After sitting around worrying for a few more hours, I was finally wheeled in, bed and all, to the pre-op area at about 4:00 PM. Remember how I said that surgeons are morning people? If you can help it, never schedule a surgery for the afternoon. Not only are surgeons morning people, so are operating room staff. I don’t think I’ve ever seen a group of more exhausted looking folks in a hospital and not have them be patients. Honestly, I was a little concerned. Mostly I just had to pee. One of the most surreal moments though, was when one of the staff came over to me with what looked like a magic marker and wrote the word “yes” on the right side of my belly and “no” on the left side. “That’s to make sure the surgeon knows which side of you to cut on,” she said with a smile.

Okay. I was officially freaked out. I’d been studying anatomy this last semester, right? Even I remembered that my gall bladder was on my right side. Why did the surgeon need a reminder? Didn’t they go to school for this sort of thing?

Too late to back out, I was wheeled into the operating room, and subjected to abuse only a fraternity could think up. I woke up later with half of my stomach shaved and four rather large band aides on me. Oh yeah. I hurt. More morphine was given and I did little but sleep through the rest of the night.

Monday, May 08, 2006

When Push Comes to Shove

Hey everyone! Long time no update. For those of you who don’t know, I ended up in the hospital last week having my gall bladder removed. Take it from me, it’s not a good way to get out of taking finals.

I had planned on this surgery the following week. Or rather, today, so I could take my finals. I had a severe attack last Sunday, though, and ended up in the emergency room for the 37th time.

Okay, I really have no idea how many times I’ve been to the ER before over my gall bladder, but it’s a lot, all right?

I got to freak my niece out, as well.

My Good Wife and I had just come home from a business trip to Vegas at about 3:30 AM Sunday morning. (Yes, it really was business. Quit smirking.) GW had the good sense to go directly to bed (do not pass Go) when we got home. I tried, but my gall bladder had other ideas. It had been vying for my attention for the last couple of hours of our trip home. I thought about asking GW to drive, but she doesn’t see very well at night.

My Lovely Niece had been staying with the kids over the weekend. She’s 18 now, and getting ready to go off to college (full ride scholarship, no less) this coming fall. All in all, she’s a capable young woman. MLN was sleeping on the coach but started rousing about three hours after we got home. I, on the other hand, had been drifting in and out of exhaustion induced sleep alternating with bouts of increasing pain in my gut. When she, and a couple of my kids, started moving around the house like the little morning zombies they are, I finally gave up. GW was fast asleep and dead to the world. No joining the undead for her. So I turned to MLN and said, “I’d like you to put your shoes on and take me to the hospital, please.”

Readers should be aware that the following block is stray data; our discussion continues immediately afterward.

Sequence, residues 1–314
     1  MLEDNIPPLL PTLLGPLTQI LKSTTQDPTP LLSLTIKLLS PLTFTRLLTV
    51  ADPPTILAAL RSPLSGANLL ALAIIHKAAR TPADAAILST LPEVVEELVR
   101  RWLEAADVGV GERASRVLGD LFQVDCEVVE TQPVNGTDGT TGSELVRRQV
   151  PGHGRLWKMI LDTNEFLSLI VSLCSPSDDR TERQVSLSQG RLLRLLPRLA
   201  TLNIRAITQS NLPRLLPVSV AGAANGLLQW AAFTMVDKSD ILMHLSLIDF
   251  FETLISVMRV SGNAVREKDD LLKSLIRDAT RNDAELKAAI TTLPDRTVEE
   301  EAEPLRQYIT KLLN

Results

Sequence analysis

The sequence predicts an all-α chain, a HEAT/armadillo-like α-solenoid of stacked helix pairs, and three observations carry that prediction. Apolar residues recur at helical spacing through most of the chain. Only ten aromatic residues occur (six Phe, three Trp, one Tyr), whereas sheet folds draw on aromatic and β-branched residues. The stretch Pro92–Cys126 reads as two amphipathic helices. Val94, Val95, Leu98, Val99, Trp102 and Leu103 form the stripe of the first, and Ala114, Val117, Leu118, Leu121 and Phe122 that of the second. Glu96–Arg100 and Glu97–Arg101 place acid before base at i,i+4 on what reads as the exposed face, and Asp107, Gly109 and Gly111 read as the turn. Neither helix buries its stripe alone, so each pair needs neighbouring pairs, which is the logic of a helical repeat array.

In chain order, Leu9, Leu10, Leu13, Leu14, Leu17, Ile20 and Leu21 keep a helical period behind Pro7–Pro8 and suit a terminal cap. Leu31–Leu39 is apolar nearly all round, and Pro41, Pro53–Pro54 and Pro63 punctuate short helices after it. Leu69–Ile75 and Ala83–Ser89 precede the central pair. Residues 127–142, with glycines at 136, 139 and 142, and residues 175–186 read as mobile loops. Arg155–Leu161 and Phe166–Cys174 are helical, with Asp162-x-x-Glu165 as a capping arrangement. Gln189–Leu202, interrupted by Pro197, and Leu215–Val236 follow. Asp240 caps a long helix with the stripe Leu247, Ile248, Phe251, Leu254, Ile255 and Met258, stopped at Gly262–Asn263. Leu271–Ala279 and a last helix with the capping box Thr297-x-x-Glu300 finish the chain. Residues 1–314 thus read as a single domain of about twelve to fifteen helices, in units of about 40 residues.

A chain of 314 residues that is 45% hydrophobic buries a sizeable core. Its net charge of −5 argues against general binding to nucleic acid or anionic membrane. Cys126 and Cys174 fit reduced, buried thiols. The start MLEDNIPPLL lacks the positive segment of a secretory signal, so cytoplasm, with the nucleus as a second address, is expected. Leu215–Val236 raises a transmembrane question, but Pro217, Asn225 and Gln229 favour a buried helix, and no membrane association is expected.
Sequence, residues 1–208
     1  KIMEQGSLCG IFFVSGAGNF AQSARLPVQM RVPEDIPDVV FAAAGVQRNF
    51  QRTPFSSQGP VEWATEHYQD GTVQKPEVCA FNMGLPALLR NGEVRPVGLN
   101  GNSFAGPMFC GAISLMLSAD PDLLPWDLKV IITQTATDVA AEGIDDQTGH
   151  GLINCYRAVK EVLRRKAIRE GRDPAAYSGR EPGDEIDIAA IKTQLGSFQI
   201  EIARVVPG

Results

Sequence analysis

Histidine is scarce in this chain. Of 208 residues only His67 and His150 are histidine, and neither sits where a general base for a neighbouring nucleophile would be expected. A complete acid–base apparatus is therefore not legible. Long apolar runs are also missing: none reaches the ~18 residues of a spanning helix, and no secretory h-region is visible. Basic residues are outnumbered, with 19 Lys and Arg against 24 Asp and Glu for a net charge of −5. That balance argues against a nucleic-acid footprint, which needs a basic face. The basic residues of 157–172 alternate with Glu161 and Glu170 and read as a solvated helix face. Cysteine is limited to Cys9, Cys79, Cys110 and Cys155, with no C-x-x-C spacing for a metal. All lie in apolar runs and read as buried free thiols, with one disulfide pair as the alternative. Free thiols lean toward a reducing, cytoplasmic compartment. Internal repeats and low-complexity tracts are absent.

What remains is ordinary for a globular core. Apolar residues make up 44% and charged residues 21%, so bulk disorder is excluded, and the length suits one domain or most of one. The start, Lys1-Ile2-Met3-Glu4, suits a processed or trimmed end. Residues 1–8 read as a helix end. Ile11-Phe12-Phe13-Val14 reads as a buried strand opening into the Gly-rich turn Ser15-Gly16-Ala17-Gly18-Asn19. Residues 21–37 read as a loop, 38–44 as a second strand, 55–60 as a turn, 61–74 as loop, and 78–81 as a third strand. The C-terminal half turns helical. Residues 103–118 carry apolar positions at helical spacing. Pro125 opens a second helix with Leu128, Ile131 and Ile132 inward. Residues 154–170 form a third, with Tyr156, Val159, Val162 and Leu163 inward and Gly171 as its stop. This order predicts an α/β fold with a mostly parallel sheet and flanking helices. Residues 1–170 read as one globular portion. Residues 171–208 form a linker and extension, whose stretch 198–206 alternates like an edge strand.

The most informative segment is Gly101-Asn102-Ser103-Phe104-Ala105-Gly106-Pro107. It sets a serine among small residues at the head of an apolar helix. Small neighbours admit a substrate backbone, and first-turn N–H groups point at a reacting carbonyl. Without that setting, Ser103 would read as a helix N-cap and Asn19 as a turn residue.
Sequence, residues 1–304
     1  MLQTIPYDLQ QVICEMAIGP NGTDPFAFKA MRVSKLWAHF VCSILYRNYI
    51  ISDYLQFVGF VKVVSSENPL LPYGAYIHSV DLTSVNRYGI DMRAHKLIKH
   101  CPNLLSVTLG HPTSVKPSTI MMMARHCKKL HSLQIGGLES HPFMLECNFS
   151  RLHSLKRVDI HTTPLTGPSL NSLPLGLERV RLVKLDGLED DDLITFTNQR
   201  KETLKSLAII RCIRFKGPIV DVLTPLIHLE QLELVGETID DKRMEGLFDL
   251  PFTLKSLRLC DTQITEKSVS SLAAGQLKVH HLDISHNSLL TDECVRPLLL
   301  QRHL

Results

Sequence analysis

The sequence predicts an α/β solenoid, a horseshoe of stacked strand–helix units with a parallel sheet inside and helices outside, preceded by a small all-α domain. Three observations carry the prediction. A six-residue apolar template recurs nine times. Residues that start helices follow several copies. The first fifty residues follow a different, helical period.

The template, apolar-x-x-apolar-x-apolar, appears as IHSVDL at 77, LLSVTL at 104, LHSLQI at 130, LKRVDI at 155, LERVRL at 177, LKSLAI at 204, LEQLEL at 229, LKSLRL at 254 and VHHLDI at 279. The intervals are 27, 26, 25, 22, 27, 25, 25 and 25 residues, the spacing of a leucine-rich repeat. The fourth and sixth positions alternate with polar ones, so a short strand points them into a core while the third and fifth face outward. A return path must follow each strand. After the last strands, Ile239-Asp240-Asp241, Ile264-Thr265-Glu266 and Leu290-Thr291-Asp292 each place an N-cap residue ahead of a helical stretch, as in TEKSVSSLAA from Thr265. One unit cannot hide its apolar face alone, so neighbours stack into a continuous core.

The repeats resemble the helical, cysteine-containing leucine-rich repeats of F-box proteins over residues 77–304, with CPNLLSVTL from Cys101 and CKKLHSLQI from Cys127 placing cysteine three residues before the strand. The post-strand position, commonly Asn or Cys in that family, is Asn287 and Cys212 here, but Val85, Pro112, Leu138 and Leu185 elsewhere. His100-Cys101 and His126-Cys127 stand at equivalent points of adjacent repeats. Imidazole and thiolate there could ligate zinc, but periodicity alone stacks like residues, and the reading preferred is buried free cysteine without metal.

The look on her face of utter horror and concern was worth the price of admission. Not really, but it sounds good.

MLN did not let me down. In spite of her shock she did just as I asked, and within just a few minutes we were in the emergency room. The doctors did all of the right things, poking and torturing me in just the right ways to make me scream, and then giving me morphine to make me feel better about the abuse. About this time GW had roused herself to consciousness and joined me.

Not in the abuse, just as a witness. You guys really are sick, aren’t you.

Now, I was hoping to feel better and go home. We had scheduled this very surgery for the following week so I could take my finals. As the morphine started wearing off, though, it was clear that this attack was much worse than anything from before. I was still hurting. Not as bad, mind you, but I could still feel it. I talked with the doctor about my concerns and asked him what he thought. My would-be torturer said, quite frankly, “I think you should let us cut it out now. Your surgeon has agreed to do it tomorrow.”

How could I argue with that?

But you’ll have to wait until later for the rest of the story.